This letter, and a list of all signatories, will be sent to all Members of House Environment and Transportation Committee, and Senate Education, Health, and Environmental Affairs Committee in February 2017.
This Petition is now closed and all signatures were submitted to the House and Senate Committees.
Forest Conservation Act Amendments
Senate Bill 365, and House Bill 599
Dear Members of House Environment and Transportation Committee and Senate Education, Health, and Environmental Affairs Committee:
As a person of faith who respects the sanctity of the Earth and the whole web of life, I am writing to ask for your support for the Forest Conservation Act amendments, SB 365 and HB 599.
There is an old saying that a farmer does not plant an olive orchard for himself, but for his grandchildren…for trees take time to grow and bear fruit.
Forests once covered 95% of Maryland and provided important habitat to countless species of animals, many of which have since left our state. Forests play a crucial role in stabilizing soil and improving water quality in the Chesapeake Bay. Today, only 39% of Maryland is covered by trees and most of this cover does not contain the diversity of plant life and habitat found in Maryland’s original mature old growth forests. Moreover, the deteriorated health of the Bay can be linked to the depletion of forest cover.
The Forest Conservation Act amendments will help protect future generations from the loss of tree canopy. It is altogether logical that when a natural area is transformed into a development, an area of the same size should be restored. The current law of requiring only a 1:4 ratio of replacing tree canopy will not ensure there will be forests around for future generations. A 1:1 ratio is needed, and these amendments require that. Forests take many years to develop their beauty and ecological maturity. A short-term economic advantage should not outweigh long-term ecological damage.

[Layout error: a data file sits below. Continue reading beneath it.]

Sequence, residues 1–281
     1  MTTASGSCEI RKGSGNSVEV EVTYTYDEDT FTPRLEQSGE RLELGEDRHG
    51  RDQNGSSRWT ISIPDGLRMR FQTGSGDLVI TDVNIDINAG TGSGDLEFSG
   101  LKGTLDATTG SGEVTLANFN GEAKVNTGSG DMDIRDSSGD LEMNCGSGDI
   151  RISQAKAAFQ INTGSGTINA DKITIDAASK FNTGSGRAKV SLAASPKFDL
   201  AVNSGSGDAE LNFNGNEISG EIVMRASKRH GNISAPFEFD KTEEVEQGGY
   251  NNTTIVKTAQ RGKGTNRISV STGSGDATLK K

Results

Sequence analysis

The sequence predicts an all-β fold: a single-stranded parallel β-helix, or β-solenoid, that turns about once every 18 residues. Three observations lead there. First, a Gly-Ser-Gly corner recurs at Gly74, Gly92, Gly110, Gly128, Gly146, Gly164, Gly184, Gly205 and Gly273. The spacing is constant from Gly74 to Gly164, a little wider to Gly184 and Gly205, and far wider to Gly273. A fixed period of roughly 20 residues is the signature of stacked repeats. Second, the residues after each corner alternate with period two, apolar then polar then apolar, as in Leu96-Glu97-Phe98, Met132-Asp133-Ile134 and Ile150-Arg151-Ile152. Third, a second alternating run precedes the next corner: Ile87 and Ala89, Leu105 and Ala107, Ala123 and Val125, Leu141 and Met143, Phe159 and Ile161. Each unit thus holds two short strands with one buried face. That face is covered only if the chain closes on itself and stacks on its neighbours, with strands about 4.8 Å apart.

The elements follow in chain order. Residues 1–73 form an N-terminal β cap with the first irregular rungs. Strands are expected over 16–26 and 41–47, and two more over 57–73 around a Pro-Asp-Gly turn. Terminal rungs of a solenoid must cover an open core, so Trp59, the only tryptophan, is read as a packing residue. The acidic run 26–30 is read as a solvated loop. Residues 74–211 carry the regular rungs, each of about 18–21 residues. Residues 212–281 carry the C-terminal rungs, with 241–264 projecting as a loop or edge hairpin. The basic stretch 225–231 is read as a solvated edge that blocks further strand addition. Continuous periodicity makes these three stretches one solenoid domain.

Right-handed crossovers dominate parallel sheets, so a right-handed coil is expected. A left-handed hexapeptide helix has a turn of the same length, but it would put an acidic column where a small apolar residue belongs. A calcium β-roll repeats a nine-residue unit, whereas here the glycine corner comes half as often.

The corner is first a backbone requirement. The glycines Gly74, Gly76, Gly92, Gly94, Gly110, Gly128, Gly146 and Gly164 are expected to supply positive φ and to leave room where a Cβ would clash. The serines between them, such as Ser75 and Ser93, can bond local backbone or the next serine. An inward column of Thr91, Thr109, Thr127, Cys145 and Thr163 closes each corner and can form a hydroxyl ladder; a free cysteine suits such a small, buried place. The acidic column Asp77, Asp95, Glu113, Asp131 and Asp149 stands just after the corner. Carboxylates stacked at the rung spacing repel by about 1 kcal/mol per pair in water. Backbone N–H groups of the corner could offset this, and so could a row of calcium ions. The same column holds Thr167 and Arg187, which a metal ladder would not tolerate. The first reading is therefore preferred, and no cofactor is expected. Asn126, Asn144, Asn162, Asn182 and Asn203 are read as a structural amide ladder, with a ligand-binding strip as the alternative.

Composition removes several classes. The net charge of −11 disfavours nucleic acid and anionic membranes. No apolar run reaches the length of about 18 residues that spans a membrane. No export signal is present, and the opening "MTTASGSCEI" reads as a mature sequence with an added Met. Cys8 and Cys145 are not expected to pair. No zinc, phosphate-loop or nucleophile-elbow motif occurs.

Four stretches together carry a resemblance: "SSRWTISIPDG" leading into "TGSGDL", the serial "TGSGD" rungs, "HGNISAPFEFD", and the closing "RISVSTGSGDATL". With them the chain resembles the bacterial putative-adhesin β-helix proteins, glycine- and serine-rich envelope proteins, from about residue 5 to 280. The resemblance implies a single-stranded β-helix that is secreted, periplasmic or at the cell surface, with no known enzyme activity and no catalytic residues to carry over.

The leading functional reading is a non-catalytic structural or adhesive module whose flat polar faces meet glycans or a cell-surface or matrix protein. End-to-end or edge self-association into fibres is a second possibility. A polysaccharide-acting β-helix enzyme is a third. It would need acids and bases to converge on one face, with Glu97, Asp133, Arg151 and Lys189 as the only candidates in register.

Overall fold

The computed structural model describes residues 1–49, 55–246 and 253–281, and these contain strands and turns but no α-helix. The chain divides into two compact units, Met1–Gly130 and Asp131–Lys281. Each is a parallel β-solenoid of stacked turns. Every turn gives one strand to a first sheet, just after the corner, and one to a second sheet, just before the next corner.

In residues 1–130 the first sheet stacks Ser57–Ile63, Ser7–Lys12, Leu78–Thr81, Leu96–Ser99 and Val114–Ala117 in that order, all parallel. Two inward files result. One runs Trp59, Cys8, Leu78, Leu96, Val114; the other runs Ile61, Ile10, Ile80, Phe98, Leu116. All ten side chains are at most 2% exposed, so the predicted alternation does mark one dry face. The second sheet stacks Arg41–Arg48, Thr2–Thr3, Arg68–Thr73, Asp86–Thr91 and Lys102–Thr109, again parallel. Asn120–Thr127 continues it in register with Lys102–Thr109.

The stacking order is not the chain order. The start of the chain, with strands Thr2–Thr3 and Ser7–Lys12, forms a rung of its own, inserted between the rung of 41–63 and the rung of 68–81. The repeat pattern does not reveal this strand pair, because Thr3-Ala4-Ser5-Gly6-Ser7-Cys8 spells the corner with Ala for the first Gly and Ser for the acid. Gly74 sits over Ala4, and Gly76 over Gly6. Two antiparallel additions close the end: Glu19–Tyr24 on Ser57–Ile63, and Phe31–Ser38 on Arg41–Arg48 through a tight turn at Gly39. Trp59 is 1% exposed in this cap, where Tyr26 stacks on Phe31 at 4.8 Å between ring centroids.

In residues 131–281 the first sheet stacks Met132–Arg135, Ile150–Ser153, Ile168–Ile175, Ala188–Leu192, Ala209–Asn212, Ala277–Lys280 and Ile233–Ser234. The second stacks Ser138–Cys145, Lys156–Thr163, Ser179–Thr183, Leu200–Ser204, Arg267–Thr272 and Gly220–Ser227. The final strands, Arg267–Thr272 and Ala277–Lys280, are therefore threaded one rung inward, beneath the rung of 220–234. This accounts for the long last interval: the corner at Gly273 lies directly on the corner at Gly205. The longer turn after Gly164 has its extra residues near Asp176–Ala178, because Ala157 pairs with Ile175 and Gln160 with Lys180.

Over the past three years, thousands of people of faith have planted over 13,000 trees at their churches, synagogues, and temples through a program called Trees for Sacred Places. These are not just landscaping trees planted here and there. These are intentional efforts to convert grass back over to forest. In some cases, congregations planted over 100 trees on their property – a clear example of “walking the talk”.
Developers should not take more from society than they replenish in return. The loss of tree canopy is felt by the general public and future generations, while developers profit from transforming land away from its natural state.
We must recognize the impacts of our actions on the Earth and ensure that future generations can also enjoy the fruits of this beautiful Creation.
Please vote in support of the Forest Conservation Act amendments.